5 - 03 - 19

Possibly the thing that concerns me the most, is that the notorious Chow brothers are interested in buying the remains of Arrow.

“We have a project team in place already commencing our Vivian Street hotel project in Wellington and our Courtenay Place Hotel is 70% complete so we can reposition staff within a day and carry on unaffected.” said Michael Chow.
“Arrow was the lead contractor on the project to turn the Chow-owned CMC Building into a four star Oaks-branded hotel.”

However – a Vivian St hotel? First I’ve heard of that. Whereabouts in Vivian St would that be? And why would anyone want to stay in a hotel right on State Highway 1 ?

Seamonkey Madness
5 - 03 - 19

The was a fantastic article from an industry insider that expands upon the Stuff article. A really interesting read (and comments) about how they ran a model that essentially borked contractors by risk-shifting; one that is adopted by more players now.

5 - 03 - 19


The Chow’s own the old Whiteria building just up from Wellington Photographic,
This article said they were selling it last year,

But it is still listed as being owned by them, so perhaps they have decided to keep it and convert it….

Coincidentally the building backs on to the big box site (NLemming, Warehouse, Exodus) that they also own at the Top of Tory street.

6 - 03 - 19

Aaaah, interesting, thank you. Yes, that sounds like the “hotel” in Vivian St that they are talking about – impossible access, virtually no parking, noisy location – all perfect attributes for a boutique hotel. But cunningly offset by the Chows, in that if they own the Top of Tory development, there is lots of built-in parking and access from the other side. It might just work…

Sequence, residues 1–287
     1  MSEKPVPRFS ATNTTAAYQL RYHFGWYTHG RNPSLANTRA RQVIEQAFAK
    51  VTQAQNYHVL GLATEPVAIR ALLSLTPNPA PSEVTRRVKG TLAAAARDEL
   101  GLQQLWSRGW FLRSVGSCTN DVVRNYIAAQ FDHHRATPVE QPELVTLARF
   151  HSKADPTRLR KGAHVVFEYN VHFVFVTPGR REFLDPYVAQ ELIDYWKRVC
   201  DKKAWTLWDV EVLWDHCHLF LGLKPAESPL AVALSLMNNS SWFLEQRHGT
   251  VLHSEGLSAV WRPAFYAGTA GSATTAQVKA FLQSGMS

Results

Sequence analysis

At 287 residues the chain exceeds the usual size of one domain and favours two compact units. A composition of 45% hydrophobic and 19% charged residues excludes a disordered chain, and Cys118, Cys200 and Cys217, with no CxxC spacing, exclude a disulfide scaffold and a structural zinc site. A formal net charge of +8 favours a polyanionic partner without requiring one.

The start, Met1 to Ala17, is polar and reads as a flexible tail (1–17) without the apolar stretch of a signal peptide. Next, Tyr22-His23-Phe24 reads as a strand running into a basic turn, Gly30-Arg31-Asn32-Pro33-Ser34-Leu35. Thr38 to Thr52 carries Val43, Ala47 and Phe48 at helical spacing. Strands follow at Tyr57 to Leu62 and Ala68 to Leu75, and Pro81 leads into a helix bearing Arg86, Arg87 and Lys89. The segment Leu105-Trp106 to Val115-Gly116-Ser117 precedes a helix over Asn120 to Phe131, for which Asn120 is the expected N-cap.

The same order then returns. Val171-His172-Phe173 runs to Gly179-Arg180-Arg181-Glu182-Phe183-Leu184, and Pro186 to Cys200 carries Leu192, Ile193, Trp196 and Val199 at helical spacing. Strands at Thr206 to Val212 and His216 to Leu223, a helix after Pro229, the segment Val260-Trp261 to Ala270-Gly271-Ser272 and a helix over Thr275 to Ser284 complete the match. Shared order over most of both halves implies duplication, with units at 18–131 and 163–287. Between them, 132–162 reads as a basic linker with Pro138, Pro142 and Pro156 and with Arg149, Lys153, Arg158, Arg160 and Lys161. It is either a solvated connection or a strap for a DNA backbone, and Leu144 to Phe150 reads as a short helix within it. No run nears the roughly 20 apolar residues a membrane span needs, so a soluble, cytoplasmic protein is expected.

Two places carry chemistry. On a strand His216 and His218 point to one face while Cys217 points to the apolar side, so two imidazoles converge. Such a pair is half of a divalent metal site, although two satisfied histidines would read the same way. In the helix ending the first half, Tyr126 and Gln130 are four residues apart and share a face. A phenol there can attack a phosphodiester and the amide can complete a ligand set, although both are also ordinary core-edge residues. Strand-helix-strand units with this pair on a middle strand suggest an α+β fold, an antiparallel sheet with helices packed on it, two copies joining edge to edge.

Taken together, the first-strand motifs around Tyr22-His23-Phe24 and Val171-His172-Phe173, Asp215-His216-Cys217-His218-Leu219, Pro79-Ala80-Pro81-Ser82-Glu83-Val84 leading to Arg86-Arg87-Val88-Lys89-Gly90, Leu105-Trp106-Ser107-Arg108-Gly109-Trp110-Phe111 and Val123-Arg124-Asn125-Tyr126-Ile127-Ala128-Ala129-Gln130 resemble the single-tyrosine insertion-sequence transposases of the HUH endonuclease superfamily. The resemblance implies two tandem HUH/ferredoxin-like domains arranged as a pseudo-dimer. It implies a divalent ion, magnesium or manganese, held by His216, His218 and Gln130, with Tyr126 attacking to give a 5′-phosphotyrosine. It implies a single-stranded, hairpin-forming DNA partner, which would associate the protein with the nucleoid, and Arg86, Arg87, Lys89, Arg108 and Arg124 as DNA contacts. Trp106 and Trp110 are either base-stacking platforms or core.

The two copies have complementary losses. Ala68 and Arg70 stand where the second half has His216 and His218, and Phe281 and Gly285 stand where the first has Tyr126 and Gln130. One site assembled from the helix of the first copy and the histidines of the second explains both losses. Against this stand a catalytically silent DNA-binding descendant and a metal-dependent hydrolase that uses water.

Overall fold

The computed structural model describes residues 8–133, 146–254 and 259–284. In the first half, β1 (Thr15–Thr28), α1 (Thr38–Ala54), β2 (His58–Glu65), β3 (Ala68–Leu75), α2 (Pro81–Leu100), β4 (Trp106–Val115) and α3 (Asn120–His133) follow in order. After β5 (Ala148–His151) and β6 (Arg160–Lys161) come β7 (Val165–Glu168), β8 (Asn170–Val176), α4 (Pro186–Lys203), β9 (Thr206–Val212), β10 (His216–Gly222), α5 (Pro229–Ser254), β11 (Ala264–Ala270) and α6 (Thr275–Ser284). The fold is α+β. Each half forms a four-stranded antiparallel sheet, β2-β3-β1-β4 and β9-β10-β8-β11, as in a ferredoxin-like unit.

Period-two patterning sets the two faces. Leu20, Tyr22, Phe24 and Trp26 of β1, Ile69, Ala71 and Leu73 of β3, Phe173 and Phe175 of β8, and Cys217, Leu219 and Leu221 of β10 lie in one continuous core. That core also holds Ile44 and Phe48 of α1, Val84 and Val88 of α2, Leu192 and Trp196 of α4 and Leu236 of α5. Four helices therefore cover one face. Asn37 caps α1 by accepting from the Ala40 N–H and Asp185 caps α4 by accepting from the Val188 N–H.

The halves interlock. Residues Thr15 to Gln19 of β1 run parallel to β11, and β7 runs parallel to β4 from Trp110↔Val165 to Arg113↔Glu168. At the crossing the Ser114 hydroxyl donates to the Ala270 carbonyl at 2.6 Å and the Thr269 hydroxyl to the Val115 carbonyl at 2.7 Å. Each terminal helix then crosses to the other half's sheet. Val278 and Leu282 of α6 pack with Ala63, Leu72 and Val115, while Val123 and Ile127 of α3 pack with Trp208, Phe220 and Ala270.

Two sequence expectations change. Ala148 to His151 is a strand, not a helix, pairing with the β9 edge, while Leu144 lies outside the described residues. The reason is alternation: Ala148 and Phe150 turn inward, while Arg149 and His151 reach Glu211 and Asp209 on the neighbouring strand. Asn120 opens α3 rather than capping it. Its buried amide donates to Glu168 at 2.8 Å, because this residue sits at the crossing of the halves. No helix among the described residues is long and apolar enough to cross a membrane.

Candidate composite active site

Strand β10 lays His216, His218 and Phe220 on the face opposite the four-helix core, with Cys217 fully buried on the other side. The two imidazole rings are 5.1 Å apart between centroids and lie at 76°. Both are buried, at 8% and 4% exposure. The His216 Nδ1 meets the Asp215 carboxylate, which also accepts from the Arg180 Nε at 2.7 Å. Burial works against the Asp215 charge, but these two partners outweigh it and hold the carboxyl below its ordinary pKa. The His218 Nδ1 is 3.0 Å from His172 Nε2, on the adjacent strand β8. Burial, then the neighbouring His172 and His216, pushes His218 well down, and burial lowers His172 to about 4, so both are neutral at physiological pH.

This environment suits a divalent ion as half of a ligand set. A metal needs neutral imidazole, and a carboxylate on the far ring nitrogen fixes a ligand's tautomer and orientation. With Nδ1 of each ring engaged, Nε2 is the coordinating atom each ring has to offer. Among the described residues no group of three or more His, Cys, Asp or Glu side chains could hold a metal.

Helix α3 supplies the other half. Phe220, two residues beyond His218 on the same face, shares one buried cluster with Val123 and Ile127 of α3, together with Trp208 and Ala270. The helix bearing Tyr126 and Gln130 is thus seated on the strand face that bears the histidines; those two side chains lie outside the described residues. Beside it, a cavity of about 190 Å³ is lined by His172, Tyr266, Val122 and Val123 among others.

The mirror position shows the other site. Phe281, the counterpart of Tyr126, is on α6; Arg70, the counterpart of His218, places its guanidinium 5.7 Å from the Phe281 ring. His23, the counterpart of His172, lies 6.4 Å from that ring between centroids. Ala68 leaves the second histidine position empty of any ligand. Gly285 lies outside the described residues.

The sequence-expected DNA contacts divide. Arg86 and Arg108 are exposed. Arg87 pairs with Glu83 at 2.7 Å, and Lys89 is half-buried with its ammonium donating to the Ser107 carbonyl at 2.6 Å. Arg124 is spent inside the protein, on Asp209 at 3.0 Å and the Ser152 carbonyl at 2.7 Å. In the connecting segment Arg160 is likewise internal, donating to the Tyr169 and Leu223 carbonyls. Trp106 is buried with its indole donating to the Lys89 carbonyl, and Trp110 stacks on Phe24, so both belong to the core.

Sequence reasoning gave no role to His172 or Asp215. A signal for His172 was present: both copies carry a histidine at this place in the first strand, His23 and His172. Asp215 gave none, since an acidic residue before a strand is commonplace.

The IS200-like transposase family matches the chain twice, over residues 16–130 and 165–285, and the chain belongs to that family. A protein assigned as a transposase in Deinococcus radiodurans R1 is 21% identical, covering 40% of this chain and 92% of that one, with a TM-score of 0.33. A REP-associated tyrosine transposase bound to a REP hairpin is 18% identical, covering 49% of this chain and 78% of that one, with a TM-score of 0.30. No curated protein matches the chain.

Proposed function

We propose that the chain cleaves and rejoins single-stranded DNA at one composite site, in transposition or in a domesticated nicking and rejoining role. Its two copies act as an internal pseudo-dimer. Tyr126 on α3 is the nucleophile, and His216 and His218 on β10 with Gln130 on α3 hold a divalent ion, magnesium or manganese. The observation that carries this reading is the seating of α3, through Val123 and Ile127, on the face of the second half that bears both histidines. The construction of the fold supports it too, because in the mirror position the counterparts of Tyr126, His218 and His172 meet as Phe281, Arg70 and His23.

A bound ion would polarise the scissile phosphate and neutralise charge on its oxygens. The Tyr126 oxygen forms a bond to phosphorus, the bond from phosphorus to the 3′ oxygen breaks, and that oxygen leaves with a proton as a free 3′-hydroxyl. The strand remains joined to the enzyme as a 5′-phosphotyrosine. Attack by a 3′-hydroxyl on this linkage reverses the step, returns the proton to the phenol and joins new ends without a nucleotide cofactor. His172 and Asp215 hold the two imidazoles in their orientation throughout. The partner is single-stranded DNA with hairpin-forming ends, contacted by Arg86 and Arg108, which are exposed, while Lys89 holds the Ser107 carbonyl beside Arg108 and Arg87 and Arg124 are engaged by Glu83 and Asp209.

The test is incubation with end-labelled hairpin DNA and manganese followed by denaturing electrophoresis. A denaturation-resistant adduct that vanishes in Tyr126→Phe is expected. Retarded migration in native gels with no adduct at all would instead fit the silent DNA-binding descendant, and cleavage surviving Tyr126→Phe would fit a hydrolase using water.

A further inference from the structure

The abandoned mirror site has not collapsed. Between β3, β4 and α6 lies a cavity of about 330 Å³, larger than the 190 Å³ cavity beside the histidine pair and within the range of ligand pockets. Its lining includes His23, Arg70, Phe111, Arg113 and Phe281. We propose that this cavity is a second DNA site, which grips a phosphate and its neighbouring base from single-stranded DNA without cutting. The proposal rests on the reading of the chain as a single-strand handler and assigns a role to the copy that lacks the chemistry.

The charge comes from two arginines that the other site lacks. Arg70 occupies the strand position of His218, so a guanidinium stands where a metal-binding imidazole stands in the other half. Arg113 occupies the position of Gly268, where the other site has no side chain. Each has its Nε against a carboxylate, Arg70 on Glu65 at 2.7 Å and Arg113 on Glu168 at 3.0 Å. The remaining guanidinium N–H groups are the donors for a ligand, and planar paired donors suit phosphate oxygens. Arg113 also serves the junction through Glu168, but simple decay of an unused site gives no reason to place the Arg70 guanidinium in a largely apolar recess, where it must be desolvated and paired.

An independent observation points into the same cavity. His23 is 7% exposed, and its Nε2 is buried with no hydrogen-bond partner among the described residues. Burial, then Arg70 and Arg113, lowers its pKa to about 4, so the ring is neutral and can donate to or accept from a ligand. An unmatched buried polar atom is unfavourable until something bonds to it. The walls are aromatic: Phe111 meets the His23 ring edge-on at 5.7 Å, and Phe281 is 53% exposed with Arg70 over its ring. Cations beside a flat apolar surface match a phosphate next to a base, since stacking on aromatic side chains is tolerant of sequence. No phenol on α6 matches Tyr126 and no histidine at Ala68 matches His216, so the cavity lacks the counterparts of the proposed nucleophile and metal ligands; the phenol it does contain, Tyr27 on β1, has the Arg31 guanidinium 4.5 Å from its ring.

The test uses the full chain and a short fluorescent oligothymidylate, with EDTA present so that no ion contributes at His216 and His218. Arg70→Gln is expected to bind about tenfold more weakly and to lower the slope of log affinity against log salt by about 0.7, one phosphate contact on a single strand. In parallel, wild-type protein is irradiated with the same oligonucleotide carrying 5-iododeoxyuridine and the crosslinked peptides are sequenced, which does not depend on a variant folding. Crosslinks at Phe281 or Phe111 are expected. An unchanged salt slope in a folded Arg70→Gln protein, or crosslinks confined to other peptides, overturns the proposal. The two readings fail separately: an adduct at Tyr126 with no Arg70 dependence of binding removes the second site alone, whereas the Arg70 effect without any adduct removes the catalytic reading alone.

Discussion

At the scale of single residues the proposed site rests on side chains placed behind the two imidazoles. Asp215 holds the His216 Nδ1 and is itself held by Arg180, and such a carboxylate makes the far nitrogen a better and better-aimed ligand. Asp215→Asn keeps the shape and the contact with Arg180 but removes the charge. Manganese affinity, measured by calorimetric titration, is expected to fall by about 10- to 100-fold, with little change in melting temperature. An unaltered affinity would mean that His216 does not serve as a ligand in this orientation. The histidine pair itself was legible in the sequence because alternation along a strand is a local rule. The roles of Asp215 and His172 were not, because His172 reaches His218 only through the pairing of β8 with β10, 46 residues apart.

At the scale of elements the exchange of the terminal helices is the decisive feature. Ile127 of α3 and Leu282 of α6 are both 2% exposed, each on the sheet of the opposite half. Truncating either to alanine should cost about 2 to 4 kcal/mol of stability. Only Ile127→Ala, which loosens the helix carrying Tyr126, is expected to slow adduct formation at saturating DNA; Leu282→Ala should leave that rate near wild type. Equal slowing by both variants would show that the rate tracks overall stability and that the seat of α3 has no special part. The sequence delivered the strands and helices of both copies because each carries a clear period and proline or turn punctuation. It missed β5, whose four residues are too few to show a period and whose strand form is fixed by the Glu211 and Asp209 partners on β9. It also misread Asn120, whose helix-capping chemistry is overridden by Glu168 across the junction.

6 - 03 - 19

Asking for a friend (not really). If Arrow were meant to lead a really difficult construction project this year, on a difficult site in say, lower Taranaki St, and all the plans had their name on it etc.. and no ground has been broken. What are the chances of someone sweeping in and taking their place at short notice?

6 - 03 - 19

Dominic – pretty slim, verging to zero, i would have thought. The receivers are there to finish off unfinished business, not start anything new. So that particular project is doomed, unless, as you say, some new “white knight” sweeps in, buys the plans and the permissions, and the land, and makes no changes, but takes all the chances. And I think you know Dom, that white knights appear in fairy tales, but not in real life…

Is this your project? Or is that the site out the back of a certain bar, that has been in a state of disrepair for many a year?

6 - 03 - 19


the latter – this is the project to put an apartment block in the carpark behind us and cantilevered over the building that Hashigo Zake is in. So yeah, I’m daring to believe that this is the best news we’ve had since before the Xero build started.

But I guess it’s up to the developer – one Peter Kennedy. He should at least realise that if he finds a replacement for Arrow, I’m going to hounding the council and OIA-ing every plan and approval.

And I assume you’re implying the carpark is in a state of disrepair, not my bar. Either way you might be right.

7 - 03 - 19

Dominic – your bar is lovelyyyyyyy. Seriously great place to spend an evening drinking. I think it is the patrons, and the carpark, that are in a serious state of disarray, not the bar…!